What do Zillow / SecondMarket / Ebay / Square / Financeacar (Anthemis is an investor) / Betterment (as well) have in common? They all play a part in solving the important issue of price discovery: how much does it cost / how much should it cost?
Financial services products tend to suffer from complex pricing syndrom:
– First because asserting their price is sometimes difficult ie what is someone’s risk profile and how much premium it implies?
– Second because providers of complex pricing offers have incredible opportunity for excessive margin (ie bad long term behavior)
This presents an amazing opportunity for startups in financial services. Either by innovating on business models that allow simple pricing in a market using complexity or by creating efficient marketplaces to force price discovery.
Simple pricing: Pricing is an essential component for Simple as a Service companies (see previous blog post on the topic). When Square announces a 2.75% fee on their services or Betterment 0.9% management fees, they may not be the cheapest providers on the market but they are for sure the simplest. In a similar way, Finance a Car, by proposing monthly cost as the comparison point of various financing offers, serves as a translator between ancient-greek speaking financing services and their customers.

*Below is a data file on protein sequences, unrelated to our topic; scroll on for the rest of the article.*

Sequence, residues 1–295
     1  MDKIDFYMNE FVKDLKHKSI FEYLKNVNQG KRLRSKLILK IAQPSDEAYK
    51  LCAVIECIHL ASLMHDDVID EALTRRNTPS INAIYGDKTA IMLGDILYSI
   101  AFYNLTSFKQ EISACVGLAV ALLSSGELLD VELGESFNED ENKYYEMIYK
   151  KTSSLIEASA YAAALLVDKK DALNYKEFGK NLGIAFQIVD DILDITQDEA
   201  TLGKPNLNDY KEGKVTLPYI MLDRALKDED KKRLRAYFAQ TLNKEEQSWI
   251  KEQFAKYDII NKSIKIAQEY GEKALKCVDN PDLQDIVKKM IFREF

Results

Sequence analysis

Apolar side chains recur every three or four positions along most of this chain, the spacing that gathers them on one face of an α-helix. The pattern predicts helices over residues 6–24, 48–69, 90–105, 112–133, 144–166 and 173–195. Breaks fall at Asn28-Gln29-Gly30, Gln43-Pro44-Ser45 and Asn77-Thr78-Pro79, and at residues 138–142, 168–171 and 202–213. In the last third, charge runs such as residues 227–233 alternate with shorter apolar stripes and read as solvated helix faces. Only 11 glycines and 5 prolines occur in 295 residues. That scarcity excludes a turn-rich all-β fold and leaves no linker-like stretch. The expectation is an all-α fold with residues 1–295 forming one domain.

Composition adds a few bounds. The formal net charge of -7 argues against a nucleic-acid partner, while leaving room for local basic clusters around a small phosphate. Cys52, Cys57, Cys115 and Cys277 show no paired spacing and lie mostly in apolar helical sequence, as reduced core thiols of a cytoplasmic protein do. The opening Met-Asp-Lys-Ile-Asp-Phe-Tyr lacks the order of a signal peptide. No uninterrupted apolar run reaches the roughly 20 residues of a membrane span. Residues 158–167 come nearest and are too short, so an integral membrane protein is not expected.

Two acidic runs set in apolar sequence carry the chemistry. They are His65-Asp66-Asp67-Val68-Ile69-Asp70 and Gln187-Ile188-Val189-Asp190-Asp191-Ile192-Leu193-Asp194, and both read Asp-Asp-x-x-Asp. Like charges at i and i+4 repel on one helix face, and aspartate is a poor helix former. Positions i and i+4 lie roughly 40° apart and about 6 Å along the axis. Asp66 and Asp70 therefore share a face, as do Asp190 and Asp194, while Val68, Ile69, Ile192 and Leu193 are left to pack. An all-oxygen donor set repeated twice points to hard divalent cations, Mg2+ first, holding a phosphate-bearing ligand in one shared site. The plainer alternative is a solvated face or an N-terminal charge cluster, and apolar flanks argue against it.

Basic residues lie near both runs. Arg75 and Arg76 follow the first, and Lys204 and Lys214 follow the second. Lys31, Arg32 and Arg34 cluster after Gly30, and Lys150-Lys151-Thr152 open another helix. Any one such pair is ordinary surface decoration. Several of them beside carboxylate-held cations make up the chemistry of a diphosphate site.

In a non-scientific guess, I believe being simple could allow these companies to maintain a premium on their price. Certainty has a value.
Square fee comparison courtesy of Feefighters
Market places: While it may have cost a cumulated gigantic amount of money to create viable stockmarkets (though they may have become broken : ), the internet / powerful computational powers have made it relatively cheap and therefore viable to build market places for other services. Zillow’s recent announcement of the integration of Mortgage offer in their app is a good example. After disruption price discovery for the actual property, they are creating a market place for mortgages inside their own app, making an important step is answering the actual question of “how much will it cost to buy this house?” (luckily on the other end of the spectrum, other companies are working hard on helping answer “Can I afford it and how?”). In a different field, Ebay’s move to implement barcode scanning on their mobile commerce application is key to extending their market advantage to brick and mortar retail.
In this case, this is not a premium but a traffic model. More flow goes through them because of their capacity to offer price comparison.
I can’t wait for more startups to innovate their way through simplification of pricing in financial services. Not only it’s good business, but I believe it is also a good business model.
What do you think?
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